A Scientific Approach to Polishing Concrete

The ability to measure scratch patterns and how they relate to quantifying the various stages of a polished concrete floor will remove the guesswork from the polishing equation.

Article author Jim Cuviello used a profile meter to test scratch patterns in polished concrete.
Article author Jim Cuviello used a profile meter to test scratch patterns in polished concrete.

One of the issues I see in the concrete polishing industry is contractors not allowing an abrasive to fully refine the floor to its maximum potential before moving to the next grit in the processing sequence. The result is a floor that lacks overhead reflective clarity and durability.

So how does a contractor know when an abrasive has refined the surface to its fullest potential? How does an owner, architect and general contractor bid a job and receive apples-to-apples bids where finished results will be the same regardless if they choose contractor A or B?

I often wonder why the concrete polishing industry tries to reinvent the wheel. Materials have been processed with abrasives for more than 100 years. For example, optical lenses - eye glasses - are polished with abrasives. I believe we should look to other industries already processing material to a specified finish to help improve our industry. What you will find is the challenges they deal with are the same issues the concrete polishing industry is dealing with.

Customers often request a specific polished concrete finish such as honed, semi-polished, highly polished or mirrored polished. These terms are based on visual aesthetics and may have different meanings from one person to another. In other words, these definitions are subjective. If a customer requests a highly polished concrete floor, that finish will range in reflective appearances depending on the contractor and to what degree he allowed the abrasives to fully refine the floor throughout the grit sequence.

The concrete polishing industry attempted to combat this subjectivity by utilizing gloss meters. The industry quickly found gloss readings could be improved by applying chemicals, and at times higher readings were often a result of resin transfer from resin-bonded abrasives.

What if we could remove some of the human element of subjectivity with an instrument that could provide a scratch profile reading that would tell the contractor and owner the floor has been refined by the diamond abrasives to a specified degree from one grit to the next? This could allow for the creation of refinement categories which would allow for different qualities of polish through a scientific approach. Each category would inherently have its own degree of reflective clarity and durability.

For example, if working on a top tier project like a school floor, what I will call a refinement category Class A finish, you would want a measurable degree of refinement from one grit to the next. A Class A floor would require a reading that shows a high level of refinement. Let's say we are working in a warehouse where the owner may only want a low-grade polished concrete finish, what I will call a refinement category Class C finish. This would mean each grit would require a lower degree of refinement. The result would be less reflective clarity and lower durability but would fit the owner's needs and budget. Both examples could be produced using scientific means.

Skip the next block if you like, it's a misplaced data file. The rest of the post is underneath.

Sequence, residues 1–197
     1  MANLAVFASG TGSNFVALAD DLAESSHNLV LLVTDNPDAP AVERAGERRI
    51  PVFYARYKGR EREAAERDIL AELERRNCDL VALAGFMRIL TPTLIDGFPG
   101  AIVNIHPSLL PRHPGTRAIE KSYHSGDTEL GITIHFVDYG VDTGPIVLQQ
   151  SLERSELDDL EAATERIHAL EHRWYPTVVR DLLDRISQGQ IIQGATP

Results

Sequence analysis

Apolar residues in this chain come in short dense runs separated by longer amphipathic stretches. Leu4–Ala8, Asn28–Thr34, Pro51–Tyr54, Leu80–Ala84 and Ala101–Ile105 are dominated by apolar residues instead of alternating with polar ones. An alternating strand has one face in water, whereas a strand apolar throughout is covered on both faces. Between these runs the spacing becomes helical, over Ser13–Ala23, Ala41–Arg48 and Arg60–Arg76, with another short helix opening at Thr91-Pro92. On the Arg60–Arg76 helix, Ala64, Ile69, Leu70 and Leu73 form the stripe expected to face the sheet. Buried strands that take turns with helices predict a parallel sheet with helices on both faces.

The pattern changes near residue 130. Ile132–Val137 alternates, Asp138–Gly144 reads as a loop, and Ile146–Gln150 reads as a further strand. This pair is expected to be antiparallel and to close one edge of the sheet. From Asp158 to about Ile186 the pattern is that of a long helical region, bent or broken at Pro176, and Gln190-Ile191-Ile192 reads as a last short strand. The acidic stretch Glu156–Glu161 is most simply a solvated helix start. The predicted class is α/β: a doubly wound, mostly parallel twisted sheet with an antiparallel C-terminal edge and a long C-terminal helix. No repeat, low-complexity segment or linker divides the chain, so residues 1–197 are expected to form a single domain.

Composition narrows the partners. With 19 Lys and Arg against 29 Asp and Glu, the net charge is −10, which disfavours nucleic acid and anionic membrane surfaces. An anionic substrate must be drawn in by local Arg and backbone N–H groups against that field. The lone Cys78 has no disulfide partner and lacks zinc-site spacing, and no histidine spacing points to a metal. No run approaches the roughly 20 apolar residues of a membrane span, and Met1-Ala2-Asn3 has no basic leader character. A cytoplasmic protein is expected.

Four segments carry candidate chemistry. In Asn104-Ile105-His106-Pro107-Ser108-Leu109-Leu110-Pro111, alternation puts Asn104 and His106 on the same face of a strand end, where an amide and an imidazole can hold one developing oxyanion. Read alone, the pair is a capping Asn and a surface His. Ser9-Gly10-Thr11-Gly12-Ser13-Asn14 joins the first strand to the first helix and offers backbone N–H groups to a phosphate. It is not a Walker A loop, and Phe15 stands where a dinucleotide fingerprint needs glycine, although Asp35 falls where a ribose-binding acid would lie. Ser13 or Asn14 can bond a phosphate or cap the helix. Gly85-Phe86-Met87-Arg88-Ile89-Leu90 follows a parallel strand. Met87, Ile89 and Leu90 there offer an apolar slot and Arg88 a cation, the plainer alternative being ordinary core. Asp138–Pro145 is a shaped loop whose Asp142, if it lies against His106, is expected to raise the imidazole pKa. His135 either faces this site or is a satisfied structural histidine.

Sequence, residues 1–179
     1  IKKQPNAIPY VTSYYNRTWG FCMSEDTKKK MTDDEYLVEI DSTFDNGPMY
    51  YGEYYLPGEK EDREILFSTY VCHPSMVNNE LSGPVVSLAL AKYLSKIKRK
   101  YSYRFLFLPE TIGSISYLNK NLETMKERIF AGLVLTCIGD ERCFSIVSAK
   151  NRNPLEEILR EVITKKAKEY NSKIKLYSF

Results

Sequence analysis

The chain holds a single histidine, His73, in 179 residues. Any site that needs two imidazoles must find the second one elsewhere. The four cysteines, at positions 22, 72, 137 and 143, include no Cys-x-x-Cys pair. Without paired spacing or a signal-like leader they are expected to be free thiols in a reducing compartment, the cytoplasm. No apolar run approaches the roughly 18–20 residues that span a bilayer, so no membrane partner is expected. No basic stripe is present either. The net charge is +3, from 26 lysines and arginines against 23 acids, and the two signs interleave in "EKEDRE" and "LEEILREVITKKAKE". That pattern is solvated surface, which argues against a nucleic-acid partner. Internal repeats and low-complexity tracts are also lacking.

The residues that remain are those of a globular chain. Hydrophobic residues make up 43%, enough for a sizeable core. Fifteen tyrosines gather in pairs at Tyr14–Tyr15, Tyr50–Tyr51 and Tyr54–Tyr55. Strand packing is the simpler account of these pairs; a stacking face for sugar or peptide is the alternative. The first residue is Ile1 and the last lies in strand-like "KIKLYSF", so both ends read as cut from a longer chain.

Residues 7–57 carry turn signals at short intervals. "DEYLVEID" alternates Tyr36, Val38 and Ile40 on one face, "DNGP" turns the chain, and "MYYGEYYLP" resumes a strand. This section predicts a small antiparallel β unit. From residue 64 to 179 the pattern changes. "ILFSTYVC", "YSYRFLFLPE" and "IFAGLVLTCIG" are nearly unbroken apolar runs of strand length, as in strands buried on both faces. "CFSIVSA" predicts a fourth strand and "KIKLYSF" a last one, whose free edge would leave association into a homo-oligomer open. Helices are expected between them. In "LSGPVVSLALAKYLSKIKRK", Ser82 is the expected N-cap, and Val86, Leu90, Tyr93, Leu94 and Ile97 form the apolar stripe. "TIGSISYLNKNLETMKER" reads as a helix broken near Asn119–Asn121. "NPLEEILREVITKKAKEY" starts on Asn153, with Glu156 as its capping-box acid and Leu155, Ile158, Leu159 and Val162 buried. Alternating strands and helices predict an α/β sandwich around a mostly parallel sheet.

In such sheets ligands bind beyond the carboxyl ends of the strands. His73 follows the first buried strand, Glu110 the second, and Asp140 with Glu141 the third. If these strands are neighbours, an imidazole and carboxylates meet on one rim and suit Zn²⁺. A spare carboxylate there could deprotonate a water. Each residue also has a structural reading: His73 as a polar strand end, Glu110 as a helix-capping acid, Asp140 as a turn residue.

Scientific data could be used to show increase in abrasion resistance between refinement categories. The concrete being worked on will be a determining factor in overall abrasion resistance, but the process itself creates its own percentage level of increased or decreased abrasion resistance. For example, the abrasion level of any unprocessed material is going to be X; after the polishing process is performed the new abrasion level is Y. The increase in abrasion resistance is going to be the difference between X and Y expressed as a percentage.

Slip coefficient? This data will also provide end users assurance that when the floor is installed to meet specific surface roughness criteria they will have a floor that meets specific slip coefficient requirements.

A means of measurement

Surface Metrology is defined by Wikipedia as "the measurement of small scale features on surfaces, and is a branch of metrology. ... Surface metrology is the study of surface geometry, also called surface texture or surface roughness. The approach is to measure and analyze the surface texture in order to be able to understand how the texture is influenced by its history, (e.g., manufacture, wear, fracture) and how it influences its behavior (e.g., adhesion, gloss friction)."

Wikipedia also says Surface Roughness "plays an important role in determining how a real object will interact with its environment. Rough surfaces usually wear more quickly and have higher friction coefficients than smooth surfaces (see Tribology)."

There are portable instruments called surface profilers used in other industries such as aerospace, ship building, mechanical engineering, automotive and healthcare to measure surface profiles that have been processed with abrasives. These instruments have the ability to record data and print reports. In the concrete polishing industry, these reports could be submitted to a GC, architect or owner as proof of testing.

There are more than 25 different measurements used in various industries. Focusing on Ra for now would best fit the concrete polishing industry. Ra is the Arithmetic Mean Roughness of a surface. It measures from a mean line that lies between the highest and lowest point on a sample length. Ra measures the average length between a scratch pattern's peaks and valleys and the deviation from the mean line. The measurement is expressed either in micro inches or meters. ISO standards express Ra as CLA, or Center Line Average.

The top graph shows a microscopic view of a scratch profile created with abrasives with a Ra reading of 109.6. As you move up in grit designations the profile becomes smaller and more consistent as shown in the bottom graph.

My research